We deeply appreciate all the time that our new partners have given us. There is a lot of energy and optimism right now, and we’re excited to be a part of it. While the uncertainties of federal funding do put a little cloud on the horizon, we are moving forward on the work.
We will continue to talk with you about the issues facing our coalition and the communities we serve. If you have any questions, please don’t hesitate to contact me.
Since July, our staff has been spending time in each of the coalition’s new districts, having literally dozens of conversations about how the Network can support you and your communities. One of the first returns on your investment of time will be in the district-level inventories of services and needs. This will be the foundation for the work of the next year and beyond (more on that below).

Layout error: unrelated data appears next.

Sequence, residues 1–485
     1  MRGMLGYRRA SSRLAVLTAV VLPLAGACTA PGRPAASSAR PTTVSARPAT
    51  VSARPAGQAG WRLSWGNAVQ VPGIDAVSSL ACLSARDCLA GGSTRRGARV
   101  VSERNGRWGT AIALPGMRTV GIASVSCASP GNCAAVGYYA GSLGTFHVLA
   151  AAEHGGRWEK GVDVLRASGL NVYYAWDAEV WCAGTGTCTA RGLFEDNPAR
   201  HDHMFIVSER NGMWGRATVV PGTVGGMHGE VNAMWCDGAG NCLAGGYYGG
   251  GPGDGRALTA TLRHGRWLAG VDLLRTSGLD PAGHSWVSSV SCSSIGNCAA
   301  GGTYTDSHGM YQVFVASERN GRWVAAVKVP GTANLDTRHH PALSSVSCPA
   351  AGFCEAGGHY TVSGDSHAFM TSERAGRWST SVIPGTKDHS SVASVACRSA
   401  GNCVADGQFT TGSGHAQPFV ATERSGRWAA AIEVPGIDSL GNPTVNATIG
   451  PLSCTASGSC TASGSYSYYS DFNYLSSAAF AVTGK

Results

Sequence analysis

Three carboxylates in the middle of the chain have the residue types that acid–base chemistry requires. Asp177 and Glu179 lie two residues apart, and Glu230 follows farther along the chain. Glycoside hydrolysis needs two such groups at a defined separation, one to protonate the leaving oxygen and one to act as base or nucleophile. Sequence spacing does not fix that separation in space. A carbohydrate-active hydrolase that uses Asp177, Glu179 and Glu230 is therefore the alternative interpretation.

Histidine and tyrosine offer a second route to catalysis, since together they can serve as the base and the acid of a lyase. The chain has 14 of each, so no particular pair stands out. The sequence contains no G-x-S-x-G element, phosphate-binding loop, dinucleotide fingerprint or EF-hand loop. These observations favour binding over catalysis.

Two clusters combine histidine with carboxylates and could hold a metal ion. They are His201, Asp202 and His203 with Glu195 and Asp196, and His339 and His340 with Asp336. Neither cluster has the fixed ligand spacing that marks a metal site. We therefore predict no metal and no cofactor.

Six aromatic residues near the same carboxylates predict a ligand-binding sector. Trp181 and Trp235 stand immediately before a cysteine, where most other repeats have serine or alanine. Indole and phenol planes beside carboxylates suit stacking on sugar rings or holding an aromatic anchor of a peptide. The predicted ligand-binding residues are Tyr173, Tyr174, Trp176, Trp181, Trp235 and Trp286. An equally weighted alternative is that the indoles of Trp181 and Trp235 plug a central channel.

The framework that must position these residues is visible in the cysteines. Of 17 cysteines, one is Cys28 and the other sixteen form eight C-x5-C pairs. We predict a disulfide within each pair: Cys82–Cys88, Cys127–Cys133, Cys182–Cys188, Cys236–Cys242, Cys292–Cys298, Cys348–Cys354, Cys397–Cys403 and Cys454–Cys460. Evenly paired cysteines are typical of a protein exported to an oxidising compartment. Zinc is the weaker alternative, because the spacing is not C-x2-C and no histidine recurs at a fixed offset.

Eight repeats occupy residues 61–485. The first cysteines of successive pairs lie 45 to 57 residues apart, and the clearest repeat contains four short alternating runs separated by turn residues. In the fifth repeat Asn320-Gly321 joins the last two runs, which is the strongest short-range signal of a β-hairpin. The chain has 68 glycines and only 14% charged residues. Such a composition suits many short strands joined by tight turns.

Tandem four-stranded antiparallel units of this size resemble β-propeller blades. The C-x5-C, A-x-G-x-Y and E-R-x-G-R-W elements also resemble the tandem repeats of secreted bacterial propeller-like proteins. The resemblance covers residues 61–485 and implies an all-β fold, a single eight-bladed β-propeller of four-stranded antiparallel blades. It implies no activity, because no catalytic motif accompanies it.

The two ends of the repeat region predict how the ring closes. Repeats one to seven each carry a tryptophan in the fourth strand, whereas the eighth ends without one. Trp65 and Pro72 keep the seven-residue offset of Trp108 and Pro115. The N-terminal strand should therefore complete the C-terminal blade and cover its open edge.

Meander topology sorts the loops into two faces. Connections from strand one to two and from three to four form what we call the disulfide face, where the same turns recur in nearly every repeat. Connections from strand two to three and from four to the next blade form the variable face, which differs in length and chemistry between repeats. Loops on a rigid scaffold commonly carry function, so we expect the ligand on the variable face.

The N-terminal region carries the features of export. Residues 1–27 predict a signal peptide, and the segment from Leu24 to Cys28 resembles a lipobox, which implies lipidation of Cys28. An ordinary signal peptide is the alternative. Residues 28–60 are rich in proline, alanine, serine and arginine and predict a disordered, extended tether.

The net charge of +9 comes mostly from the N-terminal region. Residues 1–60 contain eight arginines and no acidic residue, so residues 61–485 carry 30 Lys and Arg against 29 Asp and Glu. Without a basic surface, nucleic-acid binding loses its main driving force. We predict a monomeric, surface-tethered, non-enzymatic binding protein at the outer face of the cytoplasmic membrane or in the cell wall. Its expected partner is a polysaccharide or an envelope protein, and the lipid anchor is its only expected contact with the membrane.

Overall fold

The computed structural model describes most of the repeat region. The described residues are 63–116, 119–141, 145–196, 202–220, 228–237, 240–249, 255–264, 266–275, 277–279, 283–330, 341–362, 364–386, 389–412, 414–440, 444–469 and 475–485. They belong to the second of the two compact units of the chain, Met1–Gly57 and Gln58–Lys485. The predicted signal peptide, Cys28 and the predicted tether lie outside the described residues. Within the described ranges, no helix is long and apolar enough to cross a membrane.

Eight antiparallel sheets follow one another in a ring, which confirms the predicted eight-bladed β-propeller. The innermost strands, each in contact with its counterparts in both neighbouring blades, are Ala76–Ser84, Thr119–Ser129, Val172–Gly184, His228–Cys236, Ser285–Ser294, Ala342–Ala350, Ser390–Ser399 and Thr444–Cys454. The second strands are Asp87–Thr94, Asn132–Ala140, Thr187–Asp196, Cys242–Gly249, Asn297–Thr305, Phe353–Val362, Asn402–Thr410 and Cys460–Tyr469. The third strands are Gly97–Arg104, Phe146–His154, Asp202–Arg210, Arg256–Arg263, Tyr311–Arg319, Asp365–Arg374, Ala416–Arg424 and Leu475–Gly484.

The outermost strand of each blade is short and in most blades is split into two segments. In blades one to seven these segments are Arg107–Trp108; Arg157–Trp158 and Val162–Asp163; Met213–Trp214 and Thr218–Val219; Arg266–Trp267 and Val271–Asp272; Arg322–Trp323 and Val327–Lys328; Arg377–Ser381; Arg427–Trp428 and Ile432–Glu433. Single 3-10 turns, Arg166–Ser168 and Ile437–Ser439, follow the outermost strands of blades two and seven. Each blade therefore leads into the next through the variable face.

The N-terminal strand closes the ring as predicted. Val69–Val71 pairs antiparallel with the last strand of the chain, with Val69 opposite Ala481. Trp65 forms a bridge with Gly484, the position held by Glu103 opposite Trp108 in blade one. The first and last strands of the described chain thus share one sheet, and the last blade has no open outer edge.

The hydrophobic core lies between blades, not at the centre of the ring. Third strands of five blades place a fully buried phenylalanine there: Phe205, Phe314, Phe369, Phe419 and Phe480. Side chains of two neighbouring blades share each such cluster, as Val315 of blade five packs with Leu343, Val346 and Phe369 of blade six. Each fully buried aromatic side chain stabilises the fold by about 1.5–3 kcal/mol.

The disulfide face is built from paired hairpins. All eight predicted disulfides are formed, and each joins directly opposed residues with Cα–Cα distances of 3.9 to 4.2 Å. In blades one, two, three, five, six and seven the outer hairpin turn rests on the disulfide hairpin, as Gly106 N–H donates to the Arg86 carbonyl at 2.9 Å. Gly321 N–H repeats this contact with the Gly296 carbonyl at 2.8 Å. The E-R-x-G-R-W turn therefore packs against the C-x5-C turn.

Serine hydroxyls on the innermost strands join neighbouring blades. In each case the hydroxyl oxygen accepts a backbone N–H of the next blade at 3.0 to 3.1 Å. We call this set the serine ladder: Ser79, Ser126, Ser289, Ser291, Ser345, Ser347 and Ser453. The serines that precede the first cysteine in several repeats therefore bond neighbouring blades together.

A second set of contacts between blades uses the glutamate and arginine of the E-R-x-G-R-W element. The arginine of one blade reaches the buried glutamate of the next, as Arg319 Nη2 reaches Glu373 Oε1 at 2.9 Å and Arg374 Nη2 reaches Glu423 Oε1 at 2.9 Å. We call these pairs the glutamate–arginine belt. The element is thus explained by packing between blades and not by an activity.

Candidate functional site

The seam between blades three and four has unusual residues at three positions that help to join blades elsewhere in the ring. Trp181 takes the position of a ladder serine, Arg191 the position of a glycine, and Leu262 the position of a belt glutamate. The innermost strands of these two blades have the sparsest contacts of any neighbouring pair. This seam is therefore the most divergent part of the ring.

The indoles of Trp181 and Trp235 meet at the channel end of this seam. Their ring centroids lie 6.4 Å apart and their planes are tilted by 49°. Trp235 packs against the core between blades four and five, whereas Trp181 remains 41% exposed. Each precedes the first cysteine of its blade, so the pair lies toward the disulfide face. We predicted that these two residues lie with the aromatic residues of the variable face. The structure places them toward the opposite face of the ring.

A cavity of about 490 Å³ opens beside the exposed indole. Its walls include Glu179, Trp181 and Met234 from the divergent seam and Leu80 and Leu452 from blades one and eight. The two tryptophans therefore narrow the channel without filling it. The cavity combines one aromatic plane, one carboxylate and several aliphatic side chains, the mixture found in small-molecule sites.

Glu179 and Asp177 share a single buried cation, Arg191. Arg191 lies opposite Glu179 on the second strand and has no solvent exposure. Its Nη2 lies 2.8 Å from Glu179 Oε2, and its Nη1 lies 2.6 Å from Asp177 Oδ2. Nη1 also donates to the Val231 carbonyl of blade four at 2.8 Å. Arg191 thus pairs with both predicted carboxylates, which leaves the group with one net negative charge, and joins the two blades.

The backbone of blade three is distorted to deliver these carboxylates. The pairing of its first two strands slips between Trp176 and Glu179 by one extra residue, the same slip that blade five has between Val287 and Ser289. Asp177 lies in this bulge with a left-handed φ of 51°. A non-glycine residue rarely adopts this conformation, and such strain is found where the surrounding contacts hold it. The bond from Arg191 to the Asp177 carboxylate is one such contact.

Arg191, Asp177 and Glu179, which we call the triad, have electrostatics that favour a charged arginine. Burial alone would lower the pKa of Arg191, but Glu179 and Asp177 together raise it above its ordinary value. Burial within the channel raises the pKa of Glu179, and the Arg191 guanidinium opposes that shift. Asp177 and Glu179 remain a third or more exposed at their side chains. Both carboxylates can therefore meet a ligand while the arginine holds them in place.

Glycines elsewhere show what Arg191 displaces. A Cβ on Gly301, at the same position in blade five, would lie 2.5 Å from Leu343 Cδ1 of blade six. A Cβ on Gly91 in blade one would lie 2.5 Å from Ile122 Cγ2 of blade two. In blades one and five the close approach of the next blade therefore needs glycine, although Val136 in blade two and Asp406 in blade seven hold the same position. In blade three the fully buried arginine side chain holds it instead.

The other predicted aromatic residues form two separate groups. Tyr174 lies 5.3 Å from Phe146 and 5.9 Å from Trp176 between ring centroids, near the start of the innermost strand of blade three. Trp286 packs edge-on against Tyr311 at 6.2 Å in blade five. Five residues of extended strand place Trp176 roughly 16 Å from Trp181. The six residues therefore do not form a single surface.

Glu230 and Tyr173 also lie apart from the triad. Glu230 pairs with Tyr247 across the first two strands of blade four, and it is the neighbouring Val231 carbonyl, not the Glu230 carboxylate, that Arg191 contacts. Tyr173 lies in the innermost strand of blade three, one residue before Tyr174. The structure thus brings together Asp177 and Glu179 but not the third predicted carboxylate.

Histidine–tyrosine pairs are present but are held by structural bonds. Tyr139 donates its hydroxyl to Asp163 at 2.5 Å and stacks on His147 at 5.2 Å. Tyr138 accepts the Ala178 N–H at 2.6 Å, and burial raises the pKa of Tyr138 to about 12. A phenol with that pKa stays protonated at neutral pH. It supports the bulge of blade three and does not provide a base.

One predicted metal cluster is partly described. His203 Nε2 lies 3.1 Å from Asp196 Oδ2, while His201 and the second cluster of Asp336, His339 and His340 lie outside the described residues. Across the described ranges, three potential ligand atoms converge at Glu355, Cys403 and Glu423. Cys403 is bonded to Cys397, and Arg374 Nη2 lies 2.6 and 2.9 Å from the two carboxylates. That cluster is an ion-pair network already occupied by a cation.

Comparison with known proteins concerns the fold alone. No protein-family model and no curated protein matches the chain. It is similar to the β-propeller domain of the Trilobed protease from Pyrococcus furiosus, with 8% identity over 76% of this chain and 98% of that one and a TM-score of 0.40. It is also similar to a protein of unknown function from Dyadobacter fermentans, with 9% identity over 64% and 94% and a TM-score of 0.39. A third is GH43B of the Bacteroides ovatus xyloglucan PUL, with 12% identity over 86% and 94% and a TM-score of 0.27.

Here are a few other ways we’re making sure all voices are heard:
We’re hiring local staff: To ensure communities have easy access to the Network, we are in the process of hiring district staff. These are important positions and we hope to be able to make announcements by the end of this month.
Transition Advisory Committee: To help integrate the new regions into the coalition and advise on our future planning, training, and exercise efforts, this committee will work with program staff and the board for the next 6-12 months. This committee will begin meeting in October.
Board/Governance evolution: As an independent non-profit, the Network has a board of directors and bylaws that structure our organization. We have already begun work on how to structure the board to reflect the broader service area of the organization. This work will continue in the months ahead, as we finalize and begin implementing changes for the future.